Chapuys even claimed that Anne Boleyn was responsible for the death of Catherine of Aragon on 7th January, 1536. Her doctor claimed that she had been suffering from "slow poisoning". Chapuys reported that she had been poisoned at the instigation of Boleyn. This story was believed for many years but as Antonia Fraser has pointed out: "The deaths of prominent persons whose removal was thought to be rather too convenient for their enemies were generally accompanied by such suspicions. The charge is ludicrous... God was likely to carry off Catherine soon enough without extra help. There is also the question of the character of Henry VIII. He regarded poison with moral repugnance: it was alien to him. The axe and rope, wielded in public, not secret poison were the weapons of his authority against those who defied the royal will, preceded if possible by the culprits profound repentance at having crossed or betrayed him."

However, Chapuys was probably right to say Catherine of Aragon was far more popular than Anne Boleyn. It was reported by Cardinal Jean du Bellay in May 1529 that Catherine had the support of the majority of women living in England at the time. "If the matter were to be decided by women, he (Henry VIII) would lose the battle, for they did not fail to encourage the queen (Catherine of Aragon) at her entrance and departure by their cries, telling her to care for nothing, and other such words."

Lodovico Falier reported to King Charles V on 24th November, 1531, that an attempt had been made to kill Anne Boleyn: "It is said that more than seven weeks ago a mob of from seven to eight thousand women of London went out of the town to seize Boleyn's daughter, the sweetheart of the king of England, who was supping at a villa on a river, the king not being with her; and having received notice of this, she escaped by crossing the river in a boat. The women had intended to kill her; and amongst the mob were many men, disguised as women. Nor has any great demonstration been made about this, because it was a thing done by women."

The following year there was "a great riot and unlawful assembly of women" at Great Yarmouth in Norfolk. Sir Thomas Audley, a senior figure in Henry VIII's household was asked to investigate. He later reported that the women had apparently rioted to show their opposition to Anne Boleyn. Audley suggested that their protests were downplayed, because it was thought that the riot "could not have been held without the connivance of their husbands."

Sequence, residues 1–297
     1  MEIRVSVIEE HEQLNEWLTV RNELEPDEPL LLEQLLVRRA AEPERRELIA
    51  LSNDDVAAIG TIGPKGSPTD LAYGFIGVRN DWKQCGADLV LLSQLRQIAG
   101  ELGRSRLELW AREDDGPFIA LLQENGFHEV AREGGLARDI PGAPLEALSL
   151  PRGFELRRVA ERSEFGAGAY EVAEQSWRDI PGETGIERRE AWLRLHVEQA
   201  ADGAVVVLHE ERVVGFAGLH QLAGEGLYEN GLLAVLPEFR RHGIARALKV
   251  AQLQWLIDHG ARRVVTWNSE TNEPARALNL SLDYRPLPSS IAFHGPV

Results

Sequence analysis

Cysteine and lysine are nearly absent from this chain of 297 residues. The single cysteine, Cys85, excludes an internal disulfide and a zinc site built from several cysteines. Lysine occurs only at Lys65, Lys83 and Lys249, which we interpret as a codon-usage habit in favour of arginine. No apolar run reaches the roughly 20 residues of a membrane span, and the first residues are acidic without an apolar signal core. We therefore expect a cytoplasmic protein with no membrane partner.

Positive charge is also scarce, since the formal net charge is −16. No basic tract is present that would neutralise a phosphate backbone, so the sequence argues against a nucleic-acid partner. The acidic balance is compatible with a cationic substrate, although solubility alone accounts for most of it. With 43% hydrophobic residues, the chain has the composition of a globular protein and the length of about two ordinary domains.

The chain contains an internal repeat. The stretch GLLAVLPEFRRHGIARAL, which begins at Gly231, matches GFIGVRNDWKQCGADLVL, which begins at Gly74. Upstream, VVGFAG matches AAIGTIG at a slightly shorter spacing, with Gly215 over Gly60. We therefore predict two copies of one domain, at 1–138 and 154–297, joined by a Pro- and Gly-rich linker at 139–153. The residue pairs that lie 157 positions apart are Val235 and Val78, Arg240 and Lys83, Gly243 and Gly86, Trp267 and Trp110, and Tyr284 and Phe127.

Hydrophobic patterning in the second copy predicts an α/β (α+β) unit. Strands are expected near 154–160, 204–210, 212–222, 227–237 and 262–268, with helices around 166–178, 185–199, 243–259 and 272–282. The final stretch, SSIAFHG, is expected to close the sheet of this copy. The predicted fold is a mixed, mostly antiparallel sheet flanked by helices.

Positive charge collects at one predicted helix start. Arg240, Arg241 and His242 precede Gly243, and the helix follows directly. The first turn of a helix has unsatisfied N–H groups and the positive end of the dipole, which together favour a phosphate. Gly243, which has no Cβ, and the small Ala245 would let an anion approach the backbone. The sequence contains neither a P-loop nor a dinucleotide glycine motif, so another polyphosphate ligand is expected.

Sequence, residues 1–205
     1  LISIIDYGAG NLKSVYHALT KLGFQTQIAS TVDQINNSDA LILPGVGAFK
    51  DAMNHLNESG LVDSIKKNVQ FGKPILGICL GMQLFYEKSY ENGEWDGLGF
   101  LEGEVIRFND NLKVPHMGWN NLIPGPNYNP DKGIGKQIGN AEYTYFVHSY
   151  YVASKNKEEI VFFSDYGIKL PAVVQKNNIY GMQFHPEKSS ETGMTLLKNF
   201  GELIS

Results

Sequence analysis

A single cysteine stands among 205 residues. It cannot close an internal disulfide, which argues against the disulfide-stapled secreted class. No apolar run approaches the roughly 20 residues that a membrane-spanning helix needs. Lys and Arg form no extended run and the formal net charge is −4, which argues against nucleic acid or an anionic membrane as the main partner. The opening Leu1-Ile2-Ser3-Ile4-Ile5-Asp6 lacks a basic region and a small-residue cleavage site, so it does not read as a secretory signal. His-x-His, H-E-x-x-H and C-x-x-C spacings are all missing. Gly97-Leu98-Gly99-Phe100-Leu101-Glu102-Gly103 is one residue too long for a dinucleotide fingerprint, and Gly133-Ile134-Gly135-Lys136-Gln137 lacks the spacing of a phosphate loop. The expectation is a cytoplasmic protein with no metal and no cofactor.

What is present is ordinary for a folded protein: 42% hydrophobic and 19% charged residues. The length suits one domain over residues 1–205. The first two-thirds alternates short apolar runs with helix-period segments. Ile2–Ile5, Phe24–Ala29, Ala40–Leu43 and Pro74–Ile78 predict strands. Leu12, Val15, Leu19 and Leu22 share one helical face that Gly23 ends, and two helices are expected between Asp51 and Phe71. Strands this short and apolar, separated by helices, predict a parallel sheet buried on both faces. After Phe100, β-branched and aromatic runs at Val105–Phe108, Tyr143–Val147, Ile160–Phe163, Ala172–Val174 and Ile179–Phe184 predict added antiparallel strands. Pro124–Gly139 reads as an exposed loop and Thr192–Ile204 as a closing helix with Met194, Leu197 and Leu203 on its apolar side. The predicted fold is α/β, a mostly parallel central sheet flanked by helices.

George Cavendish, who was a member of Cardinal Wolsey's household later wrote that "the world began to be full of wonderful rumours not heard of before in this realm". This mainly concerned "the long hid and secret love between the king and Mistress Anne Boleyn" and this "began to break out into every man's ears". The chronicler, Edward Hall, confirmed this and commented that there was growing hostility towards a "gentlewoman in the court called Anne Boleyn".

There appears to be little doubt that if public opinion polls were carried out in Tudor England, Anne Boleyn would have been revealed to be an unpopular woman. She had displaced a much loved queen and had broken the existing moral code. Alison Plowden, the author of the pioneering book, Tudor Women (2002), has pointed out that Boleyn was being punished for being a woman. Adultery might be a moral rather than a criminal offence but a woman could expect no mercy from a society organized on strictly patriarchal lines.

Plowden goes on to argue: "This so-called 'double standard' of morality, which has caused so much anguish through the centuries, was not merely a matter of male pride and possessiveness. It was based on inescapable biological fact and the haunting fear that an upright citizen might be tricked into giving his name to another man's gettings or, worse, that land and property might pass to some cuckoo in the nest and a noble line be dishonoured forever."

The historian, Christopher Hill, once commented: "History has to be rewritten in every generation, because although the past does not change the present does; each generation asks new questions of the past, and finds new areas of sympathy as it re-lives different aspects of the experiences of its predecessors." This was the same point that Retha M. Warnicke, made in her introduction to her book, The Rise and Fall of Anne Boleyn (1989). She argues that when writing a modern biography of Anne Boleyn one needs to take into account the "sixteenth-century socialization of women" and you need to understand her "viewed within the framework of these social and cultural values".

Sharon L. Jansen, the author of Dangerous Talk and Strange Behaviour: Women and Popular Resistance to the Reforms of Henry VIII (1996), takes an even more pronounced feminist view of writing history. She sees Anne Boleyn as someone like Catherine Parr, Margaret Cheyney, Elizabeth Barton, Anne Askew, who was trying to participate in the political and religious change that was taking place in the sixteenth-century. It is probably significant that in all these cases, except for Parr, ended up being executed by Henry VIII. Even his sixth wife came very close to being put to death when Henry discovered that she was becoming involved in political and religious matters.